Menory Lane - Knowing Nigeria...Lesson 5; duck and weave

Click the Nigeria label to read the entire collection...

As hinted in yesterday's post, running anything other than a household in this West African nation could prove problematic.  Before I continue, let us be clear.  Corruption is a world-wide problem. The further 'West' one is however, the less it is present but it is not absent.  It becomes more subtle, more underground.  

In cultures such as the African countries and many in Asia, gift-giving when approaching those placed higher on the social ladder is an ancient and quite appropriate behaviour. The trouble is that in more modern times (and I count those to be from the age of British Empire) this practice has gone well beyond social etiquette.  In Nigeria it is full blown 'what is in it for me and what can I fleece you for'.  The world has become aware of it due in a large part to the scandalous letters of fraud which have circulated and other such scams.

One cannot live there and be unaffected by 'dash', whether in the giving or receiving of it.  That does not mean that one willingly engaged in the activity.  What happens, though, is that it is asked quite blatantly when out shopping, or trying to arrange an event, or get any sort of work done at all.... "dash?"  Sometimes even the figure wanted is stated.  Over and above cost. Unofficial private tax.  Frequently it was given as self-preservation.  Too many machetes and knives to hand.

I can remember some heated moments in the BICC office when contractors attempted to offer dash in order to buy the work, or policemen made inspections with expectation of extracting dash.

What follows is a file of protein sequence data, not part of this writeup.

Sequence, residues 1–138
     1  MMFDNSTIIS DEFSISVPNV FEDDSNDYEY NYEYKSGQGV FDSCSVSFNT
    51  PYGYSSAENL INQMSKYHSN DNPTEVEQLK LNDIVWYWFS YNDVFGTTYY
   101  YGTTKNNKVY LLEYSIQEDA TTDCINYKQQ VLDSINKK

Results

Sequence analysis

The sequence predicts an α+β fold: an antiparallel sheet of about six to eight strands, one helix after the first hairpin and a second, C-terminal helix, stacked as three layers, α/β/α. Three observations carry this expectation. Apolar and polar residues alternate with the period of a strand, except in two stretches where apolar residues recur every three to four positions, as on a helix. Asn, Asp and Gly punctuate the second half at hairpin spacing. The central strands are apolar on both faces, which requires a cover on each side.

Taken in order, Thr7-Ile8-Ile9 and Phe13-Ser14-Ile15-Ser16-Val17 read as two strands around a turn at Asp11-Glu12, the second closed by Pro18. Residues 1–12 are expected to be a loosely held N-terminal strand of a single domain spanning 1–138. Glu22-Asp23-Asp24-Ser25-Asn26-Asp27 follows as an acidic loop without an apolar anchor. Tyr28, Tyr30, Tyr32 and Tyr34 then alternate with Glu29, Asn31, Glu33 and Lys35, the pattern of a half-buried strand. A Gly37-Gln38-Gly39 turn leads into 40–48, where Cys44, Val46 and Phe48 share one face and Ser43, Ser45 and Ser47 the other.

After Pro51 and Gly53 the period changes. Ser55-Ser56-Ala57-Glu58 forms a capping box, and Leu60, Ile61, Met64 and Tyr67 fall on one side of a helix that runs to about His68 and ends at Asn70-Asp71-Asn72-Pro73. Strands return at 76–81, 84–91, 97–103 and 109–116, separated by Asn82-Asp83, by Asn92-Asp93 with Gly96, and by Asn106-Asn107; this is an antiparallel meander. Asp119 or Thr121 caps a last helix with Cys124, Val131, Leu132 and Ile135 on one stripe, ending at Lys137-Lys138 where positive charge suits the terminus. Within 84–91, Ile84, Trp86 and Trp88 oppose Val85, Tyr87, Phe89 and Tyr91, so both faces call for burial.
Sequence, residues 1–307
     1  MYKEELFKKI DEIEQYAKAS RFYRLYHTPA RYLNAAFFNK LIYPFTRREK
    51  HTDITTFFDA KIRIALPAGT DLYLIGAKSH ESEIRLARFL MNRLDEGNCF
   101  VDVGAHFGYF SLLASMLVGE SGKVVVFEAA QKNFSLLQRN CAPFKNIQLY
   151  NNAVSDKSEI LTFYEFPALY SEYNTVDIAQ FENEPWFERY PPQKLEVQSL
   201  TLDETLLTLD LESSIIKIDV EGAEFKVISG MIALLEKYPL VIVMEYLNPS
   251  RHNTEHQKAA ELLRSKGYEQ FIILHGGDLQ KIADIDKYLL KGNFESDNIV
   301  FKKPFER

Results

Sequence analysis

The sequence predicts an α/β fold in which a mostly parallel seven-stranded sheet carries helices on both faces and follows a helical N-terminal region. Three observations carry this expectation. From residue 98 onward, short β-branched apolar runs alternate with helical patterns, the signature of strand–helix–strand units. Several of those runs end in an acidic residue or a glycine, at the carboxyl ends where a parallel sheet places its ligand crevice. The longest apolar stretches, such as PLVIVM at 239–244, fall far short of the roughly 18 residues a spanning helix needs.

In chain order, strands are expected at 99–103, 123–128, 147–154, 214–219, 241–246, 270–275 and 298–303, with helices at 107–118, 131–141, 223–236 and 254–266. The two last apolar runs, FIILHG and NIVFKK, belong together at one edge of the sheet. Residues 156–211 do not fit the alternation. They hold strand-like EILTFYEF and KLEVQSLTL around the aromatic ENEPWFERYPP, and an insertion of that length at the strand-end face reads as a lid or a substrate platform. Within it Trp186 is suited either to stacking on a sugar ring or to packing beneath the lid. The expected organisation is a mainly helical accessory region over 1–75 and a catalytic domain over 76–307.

A couple of lighter moments are recalled though.

There was the regular caller who was determined to win over Boss MacLean. I've narrated this before but it bears repeating. One memorable day the large and jovial fellow arrived with his two henchmen helpers, who were carrying a number of paper-wrapped items. They disappeared into the boss's office.  Much jollity, a bit of shouting, and about 20 minutes later they left, with all but one of their many packages still in arm.

Father followed them out then turned to me with a slightly bemused look on his face.  I'd had a lucky escape apparently.  He'd managed to get out of things by keeping only one bottle of whisky as a token apology from the interlopers.  Apology?  Why?  They had 'insulted' by seeking the hand of number one daughter who (my father had managed to persuade them) was already engaged. How much was the offer? I wondered. Three bottles of whisky, three (very expensive) imported fruit cakes, several goats and turkeys!!!

Now this is standard tribal procedure.  However, it was manifesting under somewhat threatening circumstances and clearly with view to currying favouritism in the work market.  Whilst not mentioned, I am certain there would have been talk of finance also.

I know that my father went grey during the few years he worked in Nigeria.  There were many delays caused with steel deliveries or excavations and that could often be eased by dash. Something detestable and totally against the salt-of-the-earth Scottish 'keep it simple keep it straight' principles.